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Browsing: Adams Family Correspondence, Volume 2


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Docno: ADMS-04-02-02-0106

Author: Adams, John
Recipient: Adams, Abigail
Date: 1777-01-24

John Adams to Abigail Adams

We have at last crossed the Delaware, and are agreably lodged in Easton, a little Town, situated on a Point of Land formed by the Delaware on one Side and the River Lehi, on the other. There is an elegant Stone Church here built by the Dutch People,1 by whom the Town is chiefly inhabited, and what is remarkable because uncommon, the Lutherans and Calvinists united to build this Church, and the Lutheran and Calvinist Minister, alternately officiate in it. There is also an handsome Court House. The Buildings public and private are all of Lime stone.—Here are some Dutch Jews.
Yesterday We had the Pleasure of seeing the Moravian Mills in New Jersey. These Mills belong to the Society of Moravians in Bethlehem in Pensilvania. They are a great Curiosity. The Building is of Limestone four Stories high. It is not in my Power to give a particular Description of this Piece of Mechanism. A vast Quantity of Grain of all sorts is collected here.2
We have passed through the famous County of Sussex in New Jersey, where the Sussex Court House stands and where We have so often been told the Tories are so numerous and so dangerous. We met with no Molestation, nor Insult. We stopped at some of the most noted Tory Houses, and were treated every where with the Utmost Respect. Upon the strictest Inquiry I could make, I was assured that a great Majority of the Inhabitants are stanch Whiggs. Sussex they say can take Care of Sussex, and yet all agree that there are more Tories in that County [than in a]ny3 other. If the British Army should get into that County in sufficient Numbers to protect the Tories there is no doubt to be made they would be insolent enough and malicious and revengefull. But there is no danger at present and will be none untill that Event takes Place.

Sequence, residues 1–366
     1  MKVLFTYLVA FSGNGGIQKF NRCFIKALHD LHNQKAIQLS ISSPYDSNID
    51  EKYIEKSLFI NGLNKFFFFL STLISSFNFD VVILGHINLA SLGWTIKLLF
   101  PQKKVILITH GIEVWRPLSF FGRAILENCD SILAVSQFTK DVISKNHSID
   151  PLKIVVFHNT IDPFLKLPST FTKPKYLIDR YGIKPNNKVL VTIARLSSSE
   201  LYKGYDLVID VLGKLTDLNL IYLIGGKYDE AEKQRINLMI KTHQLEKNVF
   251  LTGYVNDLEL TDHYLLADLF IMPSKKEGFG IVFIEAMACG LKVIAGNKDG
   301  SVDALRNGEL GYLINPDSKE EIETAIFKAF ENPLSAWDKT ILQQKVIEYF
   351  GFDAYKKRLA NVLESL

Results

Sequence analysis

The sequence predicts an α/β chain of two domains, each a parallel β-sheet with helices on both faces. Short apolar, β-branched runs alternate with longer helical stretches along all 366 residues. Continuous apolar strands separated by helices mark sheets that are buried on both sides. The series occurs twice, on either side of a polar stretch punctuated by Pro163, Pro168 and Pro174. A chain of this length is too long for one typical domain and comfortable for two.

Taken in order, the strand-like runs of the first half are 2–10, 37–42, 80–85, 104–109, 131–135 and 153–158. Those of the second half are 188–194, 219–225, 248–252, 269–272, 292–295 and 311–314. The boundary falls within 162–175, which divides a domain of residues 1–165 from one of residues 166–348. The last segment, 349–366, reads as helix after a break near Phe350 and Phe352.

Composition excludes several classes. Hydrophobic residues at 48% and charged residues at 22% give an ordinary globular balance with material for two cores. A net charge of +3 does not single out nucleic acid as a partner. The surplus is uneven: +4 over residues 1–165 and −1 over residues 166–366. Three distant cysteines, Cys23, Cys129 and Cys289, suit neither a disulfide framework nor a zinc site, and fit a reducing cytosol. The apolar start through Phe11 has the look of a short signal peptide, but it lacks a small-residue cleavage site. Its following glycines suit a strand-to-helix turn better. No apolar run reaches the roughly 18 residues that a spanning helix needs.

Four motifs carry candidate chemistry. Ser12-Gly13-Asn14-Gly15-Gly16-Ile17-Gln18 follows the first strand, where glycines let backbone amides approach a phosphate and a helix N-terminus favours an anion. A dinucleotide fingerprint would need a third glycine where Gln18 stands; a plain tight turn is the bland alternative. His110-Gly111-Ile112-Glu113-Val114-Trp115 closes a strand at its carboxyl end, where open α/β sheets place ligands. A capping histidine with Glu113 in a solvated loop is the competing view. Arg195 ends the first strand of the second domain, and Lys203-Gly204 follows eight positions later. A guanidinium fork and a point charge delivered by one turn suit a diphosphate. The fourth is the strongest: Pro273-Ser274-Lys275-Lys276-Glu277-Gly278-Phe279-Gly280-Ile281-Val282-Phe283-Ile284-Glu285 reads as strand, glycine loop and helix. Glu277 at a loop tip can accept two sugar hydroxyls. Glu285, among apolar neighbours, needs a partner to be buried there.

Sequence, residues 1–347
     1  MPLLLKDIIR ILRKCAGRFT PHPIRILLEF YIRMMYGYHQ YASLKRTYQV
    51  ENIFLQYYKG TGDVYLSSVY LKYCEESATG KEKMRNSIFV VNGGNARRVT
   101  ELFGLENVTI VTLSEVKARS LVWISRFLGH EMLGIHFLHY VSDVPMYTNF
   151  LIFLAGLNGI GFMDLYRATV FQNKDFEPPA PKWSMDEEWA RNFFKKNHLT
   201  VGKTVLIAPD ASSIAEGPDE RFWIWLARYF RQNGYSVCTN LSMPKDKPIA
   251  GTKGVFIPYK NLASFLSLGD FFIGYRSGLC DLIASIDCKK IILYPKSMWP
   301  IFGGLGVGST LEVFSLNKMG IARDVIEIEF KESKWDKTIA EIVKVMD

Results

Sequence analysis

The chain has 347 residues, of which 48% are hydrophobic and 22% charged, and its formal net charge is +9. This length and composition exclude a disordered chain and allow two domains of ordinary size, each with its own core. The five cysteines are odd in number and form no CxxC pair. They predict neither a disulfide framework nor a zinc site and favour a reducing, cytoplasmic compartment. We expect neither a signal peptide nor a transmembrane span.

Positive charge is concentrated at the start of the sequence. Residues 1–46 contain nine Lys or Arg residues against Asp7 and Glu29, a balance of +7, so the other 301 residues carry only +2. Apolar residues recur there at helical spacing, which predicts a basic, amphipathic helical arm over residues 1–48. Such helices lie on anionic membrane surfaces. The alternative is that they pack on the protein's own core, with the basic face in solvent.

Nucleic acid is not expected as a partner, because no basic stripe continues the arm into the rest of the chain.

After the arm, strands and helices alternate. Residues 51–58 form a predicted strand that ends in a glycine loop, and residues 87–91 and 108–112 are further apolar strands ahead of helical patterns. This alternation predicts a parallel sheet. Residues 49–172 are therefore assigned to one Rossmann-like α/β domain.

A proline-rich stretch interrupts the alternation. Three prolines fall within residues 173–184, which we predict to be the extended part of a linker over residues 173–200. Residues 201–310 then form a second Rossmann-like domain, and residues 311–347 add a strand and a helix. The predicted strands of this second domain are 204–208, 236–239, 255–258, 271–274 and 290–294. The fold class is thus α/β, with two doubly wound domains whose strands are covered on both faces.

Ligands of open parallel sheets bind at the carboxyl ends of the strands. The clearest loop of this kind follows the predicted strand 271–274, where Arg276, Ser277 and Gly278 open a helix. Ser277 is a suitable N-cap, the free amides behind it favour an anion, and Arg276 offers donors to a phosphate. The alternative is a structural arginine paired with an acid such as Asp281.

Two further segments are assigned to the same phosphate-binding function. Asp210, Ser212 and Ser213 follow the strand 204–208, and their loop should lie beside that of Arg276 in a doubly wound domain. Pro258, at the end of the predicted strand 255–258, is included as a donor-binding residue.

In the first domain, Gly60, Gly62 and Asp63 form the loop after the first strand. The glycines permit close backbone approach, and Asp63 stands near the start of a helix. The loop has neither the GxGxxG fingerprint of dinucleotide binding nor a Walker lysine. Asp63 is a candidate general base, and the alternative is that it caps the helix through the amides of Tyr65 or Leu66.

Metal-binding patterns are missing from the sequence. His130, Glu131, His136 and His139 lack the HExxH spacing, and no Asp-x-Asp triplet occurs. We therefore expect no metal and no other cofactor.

The Weather has been sometimes bitterly cold, sometimes warm, sometimes rainy and sometimes snowy, and the Roads, abominably { 149 } hard and rough, so that this Journey has been the most tedious I ever attempted. Our Accommodations have been often, very bad, but much better and cheaper than they would have been if We had taken the Road from Peeks Kill to Morriston where the Army lies.
RC (Adams Papers); addressed: “Mrs. John Adams Braintree To be left at Isaac Smith Esqrs. Queen Street. Boston”; docketed in pencil by AA .
1. That is, “Pennsylvania Dutch,” or Germans.
2. These famous mills were at Hope, near Oxford, in Sussex co., N.J. According to Bishop Kenneth G. Hamilton of the Archives of the Moravian Church, Bethlehem, Penna., “the old stone buildings are still standing, and the grist mill is still a showpiece” (communication to the editors, 6 Aug. 1962).
3. MS torn by seal.

Docno: ADMS-04-02-02-0107

Author: Adams, Abigail
Recipient: Adams, John
Date: 1777-01-26

Abigail Adams to John Adams

Tis a Great Grief to me that I know not how to write nor where to send to you. I know not of any conveyance. I risk this by Major R[ic]e who promisses to take what care he can to get it to you.
I have Received 3 Letters from you since you left me, 2 from H[artfor]d and one from D[edha]m. Tis a satisfaction to hear tho only by a line.
We are told the most dissagreable things by use become less so. I cannot say that I find the truth of the observation verified. I am sure no seperation was ever so painfull to me as the last. Many circumstances concur to make it so—the distance and the difficulty of communication, the Hazards which if not real, my immagination represents so, all conspire [to] 1 make me anxious, as well as what I need not [ . . . ] mention.2
I wish to Hear often from you and when a conveniant opportunity offers let me know how you like your waiter. Many reports have been circulated since you went away concerning him none of which I regard as I find no proof to support them. One is that he is a deserted Regular, a Spy &c. I find tis all Suspicion or else told with a design to make me uneasy, but it has not that Effect.
The family are all well, and desire Pappa would write to them.—I rejoice in our late Successes. Heaven grant us a continuation of them.
Your M[othe]r desires to be rememberd to you.
I long to hear of your arrival and to get one Letter from B[altimor]e. The Situation will be new and afford me entertainment by an account of it. At all times remember in the tenderest manner her whose happiness depends upon your Welfare,
[signed] Portia
{ 150 }
RC (Adams Papers); addressed in John Thaxter's hand: “To The Honble: John Adams Esqr. at Baltimore in Maryland”; endorsed: “Portia. Jany. 26.”
1. Here and below, MS is torn by seal.
2. AA was pregnant. On the following 11 July she was delivered of a stillborn daughter. See various letters in June and July, below, especially John Thaxter to JA , 13 July, and AA to JA , 16 July. CFA omitted the present letter from his editions of his grandparents' correspondence and, consistently and silently, all allusions to AA 's “Circumstances” in such of the following letters as he did include.